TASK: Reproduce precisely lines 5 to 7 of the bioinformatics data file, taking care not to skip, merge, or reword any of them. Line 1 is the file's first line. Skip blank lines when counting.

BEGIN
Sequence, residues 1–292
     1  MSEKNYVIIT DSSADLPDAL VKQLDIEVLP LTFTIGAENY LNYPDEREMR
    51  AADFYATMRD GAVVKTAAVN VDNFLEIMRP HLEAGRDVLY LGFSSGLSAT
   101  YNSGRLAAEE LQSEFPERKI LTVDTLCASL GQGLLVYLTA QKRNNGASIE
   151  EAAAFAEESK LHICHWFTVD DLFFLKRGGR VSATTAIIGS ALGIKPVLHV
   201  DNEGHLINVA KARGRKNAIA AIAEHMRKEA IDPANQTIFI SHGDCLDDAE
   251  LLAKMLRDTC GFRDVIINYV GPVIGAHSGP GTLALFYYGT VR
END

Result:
   151  EAAAFAEESK LHICHWFTVD DLFFLKRGGR VSATTAIIGS ALGIKPVLHV
   201  DNEGHLINVA KARGRKNAIA AIAEHMRKEA IDPANQTIFI SHGDCLDDAE
   251  LLAKMLRDTC GFRDVIINYV GPVIGAHSGP GTLALFYYGT VR